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Assault from Within: Sexual Violence in the Military

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I was raised in a military family, which I suspect was due in part to proximity; we lived in a city with a large air force base. Most of the men I grew up with served in one branch or another. I formed friendships with kids whose families were stationed in my city. For a while, I participated in JROTC in high school. I felt like I was surrounded by the military at all times. When I decided against enlisting, people would either ask me why, usually with an insistent tone as though it’s magically the best option for everyone, or advise me that I made the right decision. Often, the latter statement came with the assumption that since I was female, there was a large chance that I would be sexually harassed at some point or another.

I mention this because this stigma has been linked to the armed forces for as long as I can remember. In 2011, Newsweek reported that women have a higher likelihood of being assaulted by a fellow soldier than be killed in combat.

Earlier this month, Jeffrey Krusinski, the Air Force Chief of Sexual-Assault Prevention, was arrested and charged with sexual battery. According to the report, Krusinski drunkenly groped a female victim in a parking lot. Upon his arrest, Krusinski was released from his position and is now pending investigation.

Sadly, Krusinski’s attack is merely one of an estimated 19,000 sexual assaults that occur annually in the military, and only a fraction of those cases are processed and investigated. Factor in the unknown percentage of victims who choose to remain silent against their assailants, and it’s unclear how many attacks go unreported. According to the annual report published by the Department of Defense, sexual assaults in the military occur at a frequency of more than 70 incidents per day. Over the past year, the numbers have increased by 6%. That’s estimated 7,000 more attacks than the previous year.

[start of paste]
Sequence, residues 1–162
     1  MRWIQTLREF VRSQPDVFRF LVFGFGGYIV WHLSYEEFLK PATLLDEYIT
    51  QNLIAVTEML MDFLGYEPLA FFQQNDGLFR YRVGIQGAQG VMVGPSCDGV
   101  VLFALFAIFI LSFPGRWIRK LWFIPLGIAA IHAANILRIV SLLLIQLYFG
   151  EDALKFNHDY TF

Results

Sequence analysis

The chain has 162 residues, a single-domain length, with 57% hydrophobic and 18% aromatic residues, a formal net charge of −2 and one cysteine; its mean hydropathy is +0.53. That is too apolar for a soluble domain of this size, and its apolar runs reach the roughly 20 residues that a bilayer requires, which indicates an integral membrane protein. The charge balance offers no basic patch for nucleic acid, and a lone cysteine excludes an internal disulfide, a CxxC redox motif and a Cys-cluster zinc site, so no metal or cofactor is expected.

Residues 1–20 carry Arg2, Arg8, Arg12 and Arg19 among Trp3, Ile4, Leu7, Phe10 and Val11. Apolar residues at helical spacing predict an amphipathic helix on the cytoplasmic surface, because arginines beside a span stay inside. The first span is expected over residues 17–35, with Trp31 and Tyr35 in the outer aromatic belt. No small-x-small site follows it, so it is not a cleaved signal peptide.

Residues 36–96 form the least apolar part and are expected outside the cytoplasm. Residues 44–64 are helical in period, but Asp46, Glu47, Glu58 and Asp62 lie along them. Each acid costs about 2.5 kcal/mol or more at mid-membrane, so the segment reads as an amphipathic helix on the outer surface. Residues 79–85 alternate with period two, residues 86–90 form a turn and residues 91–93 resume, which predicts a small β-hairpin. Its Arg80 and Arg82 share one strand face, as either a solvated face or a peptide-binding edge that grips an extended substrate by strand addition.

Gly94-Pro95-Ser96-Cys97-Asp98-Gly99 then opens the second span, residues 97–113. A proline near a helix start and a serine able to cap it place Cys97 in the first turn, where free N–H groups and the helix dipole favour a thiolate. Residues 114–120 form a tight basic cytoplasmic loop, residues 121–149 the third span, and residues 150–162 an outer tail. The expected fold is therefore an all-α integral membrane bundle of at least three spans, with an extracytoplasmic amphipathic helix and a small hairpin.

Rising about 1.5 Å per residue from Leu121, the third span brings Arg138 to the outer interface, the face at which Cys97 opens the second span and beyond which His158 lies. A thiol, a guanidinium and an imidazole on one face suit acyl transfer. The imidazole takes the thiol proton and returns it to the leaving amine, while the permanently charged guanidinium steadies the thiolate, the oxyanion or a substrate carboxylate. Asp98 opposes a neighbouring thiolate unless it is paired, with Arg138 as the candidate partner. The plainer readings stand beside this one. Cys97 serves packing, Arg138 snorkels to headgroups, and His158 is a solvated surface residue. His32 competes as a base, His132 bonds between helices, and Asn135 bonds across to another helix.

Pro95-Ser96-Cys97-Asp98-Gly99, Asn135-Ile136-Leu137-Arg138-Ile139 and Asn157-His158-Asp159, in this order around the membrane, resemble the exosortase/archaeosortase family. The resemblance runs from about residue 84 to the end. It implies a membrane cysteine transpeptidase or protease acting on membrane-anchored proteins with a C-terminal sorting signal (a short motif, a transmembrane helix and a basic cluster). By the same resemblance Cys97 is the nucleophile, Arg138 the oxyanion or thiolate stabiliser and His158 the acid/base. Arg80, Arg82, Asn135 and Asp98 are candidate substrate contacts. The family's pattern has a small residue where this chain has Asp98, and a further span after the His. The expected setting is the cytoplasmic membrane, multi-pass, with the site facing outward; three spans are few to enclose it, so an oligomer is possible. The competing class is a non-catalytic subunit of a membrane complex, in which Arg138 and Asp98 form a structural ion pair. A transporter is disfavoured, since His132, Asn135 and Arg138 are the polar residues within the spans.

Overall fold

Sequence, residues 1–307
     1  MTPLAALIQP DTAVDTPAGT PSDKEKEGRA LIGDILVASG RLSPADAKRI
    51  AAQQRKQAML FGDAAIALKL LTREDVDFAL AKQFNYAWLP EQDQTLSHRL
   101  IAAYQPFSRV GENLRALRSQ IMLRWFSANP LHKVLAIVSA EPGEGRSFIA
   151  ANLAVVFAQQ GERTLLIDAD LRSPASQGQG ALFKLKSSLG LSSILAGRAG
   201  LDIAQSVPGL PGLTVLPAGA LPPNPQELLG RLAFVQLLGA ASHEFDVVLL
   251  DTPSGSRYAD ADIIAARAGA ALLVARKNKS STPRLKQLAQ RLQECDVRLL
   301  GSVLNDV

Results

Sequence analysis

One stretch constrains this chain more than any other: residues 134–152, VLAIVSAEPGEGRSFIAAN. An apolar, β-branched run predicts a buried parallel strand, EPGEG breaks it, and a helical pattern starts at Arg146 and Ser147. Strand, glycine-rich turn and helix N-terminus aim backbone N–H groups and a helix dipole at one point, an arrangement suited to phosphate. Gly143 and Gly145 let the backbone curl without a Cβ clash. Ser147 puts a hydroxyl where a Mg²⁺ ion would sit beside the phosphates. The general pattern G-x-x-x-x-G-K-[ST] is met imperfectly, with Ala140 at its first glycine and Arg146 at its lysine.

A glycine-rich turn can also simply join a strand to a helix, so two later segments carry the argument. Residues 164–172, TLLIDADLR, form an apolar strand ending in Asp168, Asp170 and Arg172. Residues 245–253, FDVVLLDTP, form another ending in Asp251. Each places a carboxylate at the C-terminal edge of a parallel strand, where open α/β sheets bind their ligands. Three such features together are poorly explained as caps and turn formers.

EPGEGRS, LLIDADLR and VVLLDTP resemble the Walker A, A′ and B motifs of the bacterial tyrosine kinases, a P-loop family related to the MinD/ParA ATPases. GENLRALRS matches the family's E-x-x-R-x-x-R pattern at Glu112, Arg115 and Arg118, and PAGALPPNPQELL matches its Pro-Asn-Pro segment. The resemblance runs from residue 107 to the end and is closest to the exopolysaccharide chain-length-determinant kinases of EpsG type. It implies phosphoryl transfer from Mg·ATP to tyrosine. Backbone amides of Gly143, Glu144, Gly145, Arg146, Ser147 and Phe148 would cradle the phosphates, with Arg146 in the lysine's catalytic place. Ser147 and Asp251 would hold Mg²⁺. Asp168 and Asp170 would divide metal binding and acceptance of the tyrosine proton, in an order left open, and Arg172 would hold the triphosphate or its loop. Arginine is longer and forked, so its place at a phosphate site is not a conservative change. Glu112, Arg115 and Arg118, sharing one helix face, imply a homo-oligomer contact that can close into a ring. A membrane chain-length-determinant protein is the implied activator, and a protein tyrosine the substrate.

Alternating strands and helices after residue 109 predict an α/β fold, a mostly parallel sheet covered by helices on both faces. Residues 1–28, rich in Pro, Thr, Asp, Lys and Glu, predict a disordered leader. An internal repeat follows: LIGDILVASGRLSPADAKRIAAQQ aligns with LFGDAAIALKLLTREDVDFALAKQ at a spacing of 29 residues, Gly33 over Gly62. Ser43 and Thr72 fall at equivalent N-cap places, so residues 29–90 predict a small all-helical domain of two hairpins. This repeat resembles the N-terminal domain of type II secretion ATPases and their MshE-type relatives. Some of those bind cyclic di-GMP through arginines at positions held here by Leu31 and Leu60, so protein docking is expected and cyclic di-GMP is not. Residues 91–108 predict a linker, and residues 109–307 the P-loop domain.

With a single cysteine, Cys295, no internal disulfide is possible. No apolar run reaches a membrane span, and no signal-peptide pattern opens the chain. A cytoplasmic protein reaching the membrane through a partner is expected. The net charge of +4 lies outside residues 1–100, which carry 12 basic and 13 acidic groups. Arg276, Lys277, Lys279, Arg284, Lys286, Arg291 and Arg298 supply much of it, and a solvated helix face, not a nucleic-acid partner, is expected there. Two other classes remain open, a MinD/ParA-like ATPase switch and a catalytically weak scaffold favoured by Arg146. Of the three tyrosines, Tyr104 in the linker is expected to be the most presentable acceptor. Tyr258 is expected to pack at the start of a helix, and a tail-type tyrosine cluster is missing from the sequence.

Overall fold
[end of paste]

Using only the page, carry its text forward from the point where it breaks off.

That’s a staggering amount for an agency that boasts proactive measures against sexual violence.

In an email, Nancy Parrish, president of Protect Our Defenders, an advocacy group for military sexual assault survivors, wrote, “If these allegations are true, this is one more example on a long list of how fundamentally broken the military justice system and culture are. The idea that the head of the Air Force’s Sexual Assault Prevention and Response Office could be arrested for sexual assault indicates the depth of the problem. It’s outrageous.”

Parrish is spot on; if preventative actions are not working, the system broken and is in desperate need of change. It is a dire situation when men and women in uniform -- people who are united to protect and serve the country -- are unable to respect one another. What’s worse, many cases are propagated by leaders or individuals of higher rank. If leadership is failing, what can we do to fix it?

There’s no easy solution for sexual harassment. Enforcing a stricter punishment can potentially lead to more aggressive threats toward victims. And despite what the “victim advocacy” programs claim, it’s obvious that assault survivors are in need of better protection. There’s a strong reluctance to report cases because of the backlash suffered by some survivors. 62% of victims who reported assault stated they felt re-victimized or retaliated against simply for standing up for themselves. The current standards of assault education and training is clearly failing.

Recently, the Combating Military Sexual Assault Act of 2013 has been proposed, but has yet to go to vote. In essence, it should give more power to victims and grant them special lawyers during the legal process as well as increase the availability of assault response programs. It would also aim to eliminate conflicts of interest within the chain of command when charges are filed. As it stands currently, it's estimated that it won't even get past the committee deliberations.

Today, a Senate Armed Forces hearing will be convened. Perhaps the testimonies will shed some light on the current crisis at hand and a conclusion about which direction to take will be established. I'll post an update once I have more information.

UPDATE: There was an Armed Forces hearing to discuss the situation.

To learn more about sexual assault in the military, take a peek at the documentary, The Invisible War.

Originally published at Feminspire!



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